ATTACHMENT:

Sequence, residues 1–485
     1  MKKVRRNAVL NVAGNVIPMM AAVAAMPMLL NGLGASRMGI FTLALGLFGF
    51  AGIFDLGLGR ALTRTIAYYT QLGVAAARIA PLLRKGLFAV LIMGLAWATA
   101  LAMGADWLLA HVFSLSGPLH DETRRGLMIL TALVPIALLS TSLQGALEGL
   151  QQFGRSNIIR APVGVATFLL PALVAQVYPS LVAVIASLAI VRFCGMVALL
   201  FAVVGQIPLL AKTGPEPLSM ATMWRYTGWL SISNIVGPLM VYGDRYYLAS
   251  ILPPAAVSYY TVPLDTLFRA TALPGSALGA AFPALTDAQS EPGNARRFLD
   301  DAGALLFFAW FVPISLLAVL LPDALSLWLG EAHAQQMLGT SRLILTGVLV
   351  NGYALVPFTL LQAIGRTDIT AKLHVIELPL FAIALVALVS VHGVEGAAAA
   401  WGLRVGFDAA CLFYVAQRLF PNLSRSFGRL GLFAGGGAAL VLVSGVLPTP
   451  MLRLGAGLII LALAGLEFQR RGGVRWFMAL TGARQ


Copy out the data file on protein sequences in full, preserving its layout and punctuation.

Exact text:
Sequence, residues 1–485
     1  MKKVRRNAVL NVAGNVIPMM AAVAAMPMLL NGLGASRMGI FTLALGLFGF
    51  AGIFDLGLGR ALTRTIAYYT QLGVAAARIA PLLRKGLFAV LIMGLAWATA
   101  LAMGADWLLA HVFSLSGPLH DETRRGLMIL TALVPIALLS TSLQGALEGL
   151  QQFGRSNIIR APVGVATFLL PALVAQVYPS LVAVIASLAI VRFCGMVALL
   201  FAVVGQIPLL AKTGPEPLSM ATMWRYTGWL SISNIVGPLM VYGDRYYLAS
   251  ILPPAAVSYY TVPLDTLFRA TALPGSALGA AFPALTDAQS EPGNARRFLD
   301  DAGALLFFAW FVPISLLAVL LPDALSLWLG EAHAQQMLGT SRLILTGVLV
   351  NGYALVPFTL LQAIGRTDIT AKLHVIELPL FAIALVALVS VHGVEGAAAA
   401  WGLRVGFDAA CLFYVAQRLF PNLSRSFGRL GLFAGGGAAL VLVSGVLPTP
   451  MLRLGAGLII LALAGLEFQR RGGVRWFMAL TGARQ